Tuesday, February 3, 2009

New Home; New Rose

A young friend of mine closed on a house recently and is eagerly anticipating spring landscaping for the first time. He asked me to recommend a rose--something easy and that would not grow too large. For a second my mind raced over dozens of possibilities, but then I settled on a sure bet and said, "Any of the Knock Out roses will give you tons of color, and they are completely fuss free." "Sounds perfect!" my friend said. But is it?
From the above photo you can see the deep, blue-tinged foliage and the juicy raspberry color of the Knock Out rose. Other colors are available now, including a pastel version called Rainbow Knock Out. They are not fragrant, which is a huge strike against them in my opinion. I live for the heavenly scent of roses.
My first rose garden featured Madame Hardy and Felicite Parmentier, two heirloom varieties that bloom gloriously in spring for a few sweetly scented weeks and then are gone for the rest of the year. Most years thrips would find their way into the hearts of the pale, fragrant blossoms, causing them to shatter and shortening their season even more. Other years some of the many-petaled buds would ball and turn to mush. It is a challenge to celebrate the blooms I do get, while bouncing back from each year's inevitable disappointments. Growing a variety of different roses helps. Each of the different types of roses have their own charms to recommend them, and often when one rose does poorly, another will thrive. But some years are mighty disappointing.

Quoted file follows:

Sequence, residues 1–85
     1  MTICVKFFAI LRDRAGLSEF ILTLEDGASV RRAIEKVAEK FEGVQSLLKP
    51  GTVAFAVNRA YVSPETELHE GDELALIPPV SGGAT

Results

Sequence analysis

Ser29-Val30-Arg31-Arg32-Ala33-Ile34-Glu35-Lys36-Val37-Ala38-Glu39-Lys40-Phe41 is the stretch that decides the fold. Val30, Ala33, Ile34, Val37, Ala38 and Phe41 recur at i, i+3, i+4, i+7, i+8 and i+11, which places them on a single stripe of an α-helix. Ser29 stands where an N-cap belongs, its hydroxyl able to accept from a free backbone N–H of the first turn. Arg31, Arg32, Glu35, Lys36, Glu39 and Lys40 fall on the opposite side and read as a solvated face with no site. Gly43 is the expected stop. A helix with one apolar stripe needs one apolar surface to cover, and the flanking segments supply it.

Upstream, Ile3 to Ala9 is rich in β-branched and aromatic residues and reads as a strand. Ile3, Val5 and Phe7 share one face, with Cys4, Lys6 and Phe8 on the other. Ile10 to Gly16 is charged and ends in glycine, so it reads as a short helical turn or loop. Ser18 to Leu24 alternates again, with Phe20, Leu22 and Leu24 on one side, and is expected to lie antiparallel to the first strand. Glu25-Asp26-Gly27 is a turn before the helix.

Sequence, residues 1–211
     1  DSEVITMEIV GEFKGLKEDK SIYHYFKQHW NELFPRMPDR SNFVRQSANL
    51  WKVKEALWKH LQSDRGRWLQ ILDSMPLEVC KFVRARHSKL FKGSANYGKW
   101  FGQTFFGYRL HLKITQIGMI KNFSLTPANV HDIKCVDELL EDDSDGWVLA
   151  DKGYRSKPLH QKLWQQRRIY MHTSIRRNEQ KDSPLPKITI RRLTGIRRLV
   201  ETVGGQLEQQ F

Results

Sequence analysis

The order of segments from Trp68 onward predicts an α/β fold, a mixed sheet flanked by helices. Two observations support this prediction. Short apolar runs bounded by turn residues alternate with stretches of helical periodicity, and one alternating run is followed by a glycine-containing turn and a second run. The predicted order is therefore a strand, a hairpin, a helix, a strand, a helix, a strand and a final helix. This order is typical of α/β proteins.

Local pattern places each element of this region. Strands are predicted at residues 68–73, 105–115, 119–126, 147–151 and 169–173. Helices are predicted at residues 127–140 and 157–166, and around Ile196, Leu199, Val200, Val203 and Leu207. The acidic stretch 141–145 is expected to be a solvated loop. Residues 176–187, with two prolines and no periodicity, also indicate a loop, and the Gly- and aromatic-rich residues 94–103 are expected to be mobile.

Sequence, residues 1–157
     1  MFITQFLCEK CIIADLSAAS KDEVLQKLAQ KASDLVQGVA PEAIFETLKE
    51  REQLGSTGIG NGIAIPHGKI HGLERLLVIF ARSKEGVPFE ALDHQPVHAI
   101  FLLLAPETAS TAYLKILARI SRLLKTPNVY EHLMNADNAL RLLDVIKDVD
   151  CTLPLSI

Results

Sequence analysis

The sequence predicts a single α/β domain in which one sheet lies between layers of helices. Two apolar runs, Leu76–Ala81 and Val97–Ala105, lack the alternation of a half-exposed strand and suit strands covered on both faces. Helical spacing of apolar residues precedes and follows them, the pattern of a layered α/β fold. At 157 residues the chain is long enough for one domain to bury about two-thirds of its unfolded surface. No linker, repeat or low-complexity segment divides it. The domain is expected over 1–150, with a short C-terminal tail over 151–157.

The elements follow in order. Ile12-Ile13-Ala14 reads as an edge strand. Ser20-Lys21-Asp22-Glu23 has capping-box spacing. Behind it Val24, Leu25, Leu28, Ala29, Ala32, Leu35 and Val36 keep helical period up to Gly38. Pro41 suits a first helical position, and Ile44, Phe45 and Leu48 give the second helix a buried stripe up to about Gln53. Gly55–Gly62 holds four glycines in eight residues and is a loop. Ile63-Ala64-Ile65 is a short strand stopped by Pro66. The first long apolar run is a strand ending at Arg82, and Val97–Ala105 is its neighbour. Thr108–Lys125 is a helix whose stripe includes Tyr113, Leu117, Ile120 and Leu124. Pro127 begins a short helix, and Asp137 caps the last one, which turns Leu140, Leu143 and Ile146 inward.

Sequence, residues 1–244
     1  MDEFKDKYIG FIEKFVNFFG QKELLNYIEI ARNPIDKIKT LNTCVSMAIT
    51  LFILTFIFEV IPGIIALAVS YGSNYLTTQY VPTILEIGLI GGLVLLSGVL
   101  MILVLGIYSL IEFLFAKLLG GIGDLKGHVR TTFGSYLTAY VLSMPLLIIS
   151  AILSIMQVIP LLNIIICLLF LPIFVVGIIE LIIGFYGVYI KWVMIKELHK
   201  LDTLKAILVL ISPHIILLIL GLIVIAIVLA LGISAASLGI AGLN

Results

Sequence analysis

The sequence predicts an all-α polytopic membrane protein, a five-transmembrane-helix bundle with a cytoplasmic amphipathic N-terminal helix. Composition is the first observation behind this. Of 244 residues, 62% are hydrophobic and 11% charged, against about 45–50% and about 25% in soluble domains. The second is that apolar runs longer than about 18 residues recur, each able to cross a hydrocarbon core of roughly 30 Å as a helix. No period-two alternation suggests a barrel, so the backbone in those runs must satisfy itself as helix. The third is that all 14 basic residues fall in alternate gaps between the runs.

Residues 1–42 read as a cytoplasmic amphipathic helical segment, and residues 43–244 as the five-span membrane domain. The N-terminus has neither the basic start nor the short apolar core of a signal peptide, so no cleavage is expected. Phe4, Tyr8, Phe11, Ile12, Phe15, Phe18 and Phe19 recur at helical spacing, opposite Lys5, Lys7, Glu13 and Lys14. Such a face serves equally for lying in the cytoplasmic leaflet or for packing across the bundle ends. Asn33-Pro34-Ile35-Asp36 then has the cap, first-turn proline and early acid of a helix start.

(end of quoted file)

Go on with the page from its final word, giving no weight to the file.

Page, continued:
I finally added Knock Out to my own garden because I wanted something to be always, reliably in bloom. I wanted a rose that wouldn't drop all its leaves with black spot late every summer. I wanted one rose that would never let me down. Knock Out is that rose.
I hope my friend will be very happy with his new home--and his new roses! Knock Out rose photo by JulenaJo.


  1. That is a gorgeous rose. Since you're giving rose advice would you have time to look at www.cornhillnursery.com and see if you recognise any of their roses that you would recommend? They are 2 hours from me and grow only hardy zone 3-4 roses. There are SO many choices! I need about 3, bush-shrub types, nice smells and preferably long blooming.For full sun or part shade around the pond. As the snow gets deeper and deeper, studying my garden catalogs is keeping me sort of sane.

  2. Kathi, I will be glad to. Give me a couple of days to look at the catalog. It's got a lovely selection!